“We wanted to utilise the Levy and find a better way to recruit for entry-level talent. But beyond that, we wanted to diversify our talent pool. We've really only had talent coming through from very prestigious Oxbridge universities and while that's great, we also want to look in other places for hidden gems and hidden talents.” - Laura Tomsett, Recruitment Advisor, Christie’s
Challenges: Fill long-term operational gaps and cater to the needs of the modern buyer.
Founded in 18th-century London, Christie’s is famous for its prestigious and record-breaking auctions. So when asked to imagine what kind of person works there, most people picture an Oxbridge grad. But according to Laura Tomsett, Recruitment Advisor at Christie's, it's an image that no longer makes sense.
“Everyone has this perception that we’re all the same here and we’re really not—we’re actually a weird and wonderful organisation of many different characters. And we’re making sure we’re looking for candidates in as many diverse places as possible to ensure the future of our business. That's what it’s all about.”
Christie’s already has an established graduate programme and internship scheme, but Laura knew they needed to diversify their talent pipeline even further if they wanted to stay ahead of the curve.
“We have two very distinct parts of our business—one is the art side and the other is operations. We can sometimes struggle to find entry level talent on the operations side, as everybody wants to be on the art side. We want people who have a love for art but that don’t necessarily want to be on the art side, which is quite hard to find,” Laura explains.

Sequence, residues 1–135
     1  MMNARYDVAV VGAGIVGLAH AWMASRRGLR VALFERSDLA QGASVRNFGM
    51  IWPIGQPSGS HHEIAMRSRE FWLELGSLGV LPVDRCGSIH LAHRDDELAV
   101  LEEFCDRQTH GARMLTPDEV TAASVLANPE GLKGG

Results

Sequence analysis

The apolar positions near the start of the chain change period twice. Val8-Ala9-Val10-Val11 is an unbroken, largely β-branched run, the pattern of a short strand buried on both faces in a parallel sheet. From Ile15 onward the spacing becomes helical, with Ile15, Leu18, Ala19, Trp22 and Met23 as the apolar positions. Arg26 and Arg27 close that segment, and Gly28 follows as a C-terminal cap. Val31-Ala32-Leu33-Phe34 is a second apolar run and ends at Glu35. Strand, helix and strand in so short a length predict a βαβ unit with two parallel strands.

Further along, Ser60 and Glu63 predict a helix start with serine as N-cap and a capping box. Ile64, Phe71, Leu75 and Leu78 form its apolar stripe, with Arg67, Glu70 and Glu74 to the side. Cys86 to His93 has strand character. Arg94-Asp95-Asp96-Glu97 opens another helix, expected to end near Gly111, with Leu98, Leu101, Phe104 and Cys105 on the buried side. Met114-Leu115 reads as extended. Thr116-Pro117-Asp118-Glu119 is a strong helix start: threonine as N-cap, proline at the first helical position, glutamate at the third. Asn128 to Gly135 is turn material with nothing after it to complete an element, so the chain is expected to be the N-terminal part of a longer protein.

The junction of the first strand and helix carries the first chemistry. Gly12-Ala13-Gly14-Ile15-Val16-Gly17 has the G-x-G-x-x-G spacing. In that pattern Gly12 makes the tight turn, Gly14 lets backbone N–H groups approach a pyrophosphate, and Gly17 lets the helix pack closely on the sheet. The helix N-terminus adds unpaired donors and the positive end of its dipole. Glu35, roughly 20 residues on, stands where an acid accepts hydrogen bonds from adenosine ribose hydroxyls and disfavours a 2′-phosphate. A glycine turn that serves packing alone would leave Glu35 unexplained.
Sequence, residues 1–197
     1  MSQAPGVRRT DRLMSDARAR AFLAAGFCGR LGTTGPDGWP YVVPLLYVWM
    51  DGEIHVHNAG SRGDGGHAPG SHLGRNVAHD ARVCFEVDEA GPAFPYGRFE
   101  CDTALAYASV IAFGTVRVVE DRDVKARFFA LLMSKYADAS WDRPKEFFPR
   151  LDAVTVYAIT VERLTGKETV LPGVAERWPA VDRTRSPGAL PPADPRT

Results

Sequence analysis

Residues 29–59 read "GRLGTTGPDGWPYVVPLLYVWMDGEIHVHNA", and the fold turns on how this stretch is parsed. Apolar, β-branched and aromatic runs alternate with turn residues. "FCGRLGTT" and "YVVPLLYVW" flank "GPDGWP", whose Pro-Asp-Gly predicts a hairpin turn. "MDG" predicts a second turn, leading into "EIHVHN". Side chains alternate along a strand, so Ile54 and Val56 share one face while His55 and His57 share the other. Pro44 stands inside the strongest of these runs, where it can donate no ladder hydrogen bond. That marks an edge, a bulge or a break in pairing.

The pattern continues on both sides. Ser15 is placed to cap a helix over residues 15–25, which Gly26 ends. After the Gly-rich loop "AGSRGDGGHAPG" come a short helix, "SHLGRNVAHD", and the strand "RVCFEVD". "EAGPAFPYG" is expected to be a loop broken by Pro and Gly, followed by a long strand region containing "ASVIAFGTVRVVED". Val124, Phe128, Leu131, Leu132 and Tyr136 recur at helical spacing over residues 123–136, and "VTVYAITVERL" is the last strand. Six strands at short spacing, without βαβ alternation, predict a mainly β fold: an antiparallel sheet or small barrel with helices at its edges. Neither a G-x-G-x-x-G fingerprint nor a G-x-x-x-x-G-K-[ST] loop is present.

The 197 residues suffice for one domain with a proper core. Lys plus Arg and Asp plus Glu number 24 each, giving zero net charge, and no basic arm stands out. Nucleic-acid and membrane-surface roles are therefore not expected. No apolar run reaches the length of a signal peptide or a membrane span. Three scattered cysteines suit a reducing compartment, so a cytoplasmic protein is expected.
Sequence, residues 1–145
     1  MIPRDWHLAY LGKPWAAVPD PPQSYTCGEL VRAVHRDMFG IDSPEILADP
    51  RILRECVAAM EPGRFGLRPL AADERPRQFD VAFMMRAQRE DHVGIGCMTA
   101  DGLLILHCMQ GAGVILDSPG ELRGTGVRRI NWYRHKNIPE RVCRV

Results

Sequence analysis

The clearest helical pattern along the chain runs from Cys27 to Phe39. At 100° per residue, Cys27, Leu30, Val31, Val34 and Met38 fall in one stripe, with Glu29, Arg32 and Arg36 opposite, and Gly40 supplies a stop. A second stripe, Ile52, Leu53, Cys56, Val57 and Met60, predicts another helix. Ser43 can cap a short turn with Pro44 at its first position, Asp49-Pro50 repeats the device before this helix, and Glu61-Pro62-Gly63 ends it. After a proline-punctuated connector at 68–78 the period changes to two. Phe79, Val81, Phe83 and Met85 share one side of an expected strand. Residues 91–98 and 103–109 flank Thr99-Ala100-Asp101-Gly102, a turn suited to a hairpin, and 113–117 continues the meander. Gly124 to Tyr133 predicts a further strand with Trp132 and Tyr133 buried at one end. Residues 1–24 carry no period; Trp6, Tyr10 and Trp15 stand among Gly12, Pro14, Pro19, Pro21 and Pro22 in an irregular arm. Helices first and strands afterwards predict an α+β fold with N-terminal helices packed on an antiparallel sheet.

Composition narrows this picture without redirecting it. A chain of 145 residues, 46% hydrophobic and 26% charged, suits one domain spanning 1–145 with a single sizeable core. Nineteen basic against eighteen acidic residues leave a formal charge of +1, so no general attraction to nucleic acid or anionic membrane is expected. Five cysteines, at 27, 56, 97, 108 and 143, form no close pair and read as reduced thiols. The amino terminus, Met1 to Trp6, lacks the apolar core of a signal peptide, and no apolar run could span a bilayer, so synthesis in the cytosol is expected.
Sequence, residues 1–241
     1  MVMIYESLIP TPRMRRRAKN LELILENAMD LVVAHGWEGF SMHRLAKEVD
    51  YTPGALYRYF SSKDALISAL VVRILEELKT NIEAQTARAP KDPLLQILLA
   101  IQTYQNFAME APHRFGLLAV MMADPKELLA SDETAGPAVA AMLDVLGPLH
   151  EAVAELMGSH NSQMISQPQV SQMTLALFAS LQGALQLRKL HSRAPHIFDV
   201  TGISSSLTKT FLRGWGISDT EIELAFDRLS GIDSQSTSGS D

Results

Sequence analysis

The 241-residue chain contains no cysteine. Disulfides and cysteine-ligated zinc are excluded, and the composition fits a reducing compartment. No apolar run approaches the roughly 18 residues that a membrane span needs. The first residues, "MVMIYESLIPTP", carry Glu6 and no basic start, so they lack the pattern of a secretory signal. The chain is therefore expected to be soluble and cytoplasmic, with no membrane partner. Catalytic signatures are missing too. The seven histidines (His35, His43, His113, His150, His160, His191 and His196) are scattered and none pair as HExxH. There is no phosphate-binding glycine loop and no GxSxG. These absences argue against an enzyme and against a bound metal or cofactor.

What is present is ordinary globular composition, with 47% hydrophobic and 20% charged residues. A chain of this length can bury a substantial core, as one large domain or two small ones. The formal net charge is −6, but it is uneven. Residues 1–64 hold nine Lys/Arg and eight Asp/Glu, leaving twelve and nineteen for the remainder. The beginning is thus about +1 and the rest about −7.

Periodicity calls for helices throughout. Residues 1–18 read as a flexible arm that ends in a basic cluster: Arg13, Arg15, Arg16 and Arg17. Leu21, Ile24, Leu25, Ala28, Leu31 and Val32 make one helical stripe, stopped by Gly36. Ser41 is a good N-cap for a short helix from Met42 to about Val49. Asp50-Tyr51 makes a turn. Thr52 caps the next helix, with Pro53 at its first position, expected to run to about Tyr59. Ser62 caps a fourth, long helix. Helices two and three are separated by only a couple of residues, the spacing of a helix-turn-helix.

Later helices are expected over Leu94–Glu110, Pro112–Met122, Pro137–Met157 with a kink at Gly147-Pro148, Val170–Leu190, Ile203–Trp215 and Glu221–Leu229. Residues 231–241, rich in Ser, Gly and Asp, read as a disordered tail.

But beyond the gaps in their headcount, Laura and the recruitment team at Christie's knew they needed a long-term play to diversify their workforce.
"This is especially important with new art markets emerging and different people collecting now. We had the George Michael sale recently, we had David Gilmour's guitars—these are all sales that appeal to way more people than just art collectors. It’s important that we have people within the business who reflect those buyers. The art market has never been so open and we need the right people to drive that forward."
Laura's mission was clear: create a genuinely diverse pipeline of long-term talent. To do that, she needed go outside the usual recruitment channels.
Solution: Build a diverse pipeline of entry-level talent.
“We had a vision in our mind of how we wanted to recruit but we didn’t know how to find the kind of candidates who could grow to be senior leaders in the years to come.”
So when it came to finding the right supplier to work with, Laura’s director Toby did what any modern recruiter would do—he turned to social media.
“My director posted on his LinkedIn profile ‘We’re trying to implement an apprentice programme—is there anyone you could put us in touch with?’ And someone left a comment asking, ‘Have you spoken to WhiteHat’?"
By sheer coincidence, a colleague from the CEO’s office mentioned that one of their clients also happened to know (and highly recommend) WhiteHat. It seemed meant to be.
“When WhiteHat came in to talk to us, it didn’t feel like a pitch at all. They were relaxed and it felt like they were really trying to make a difference. That resonated with me a lot,” Laura recalls.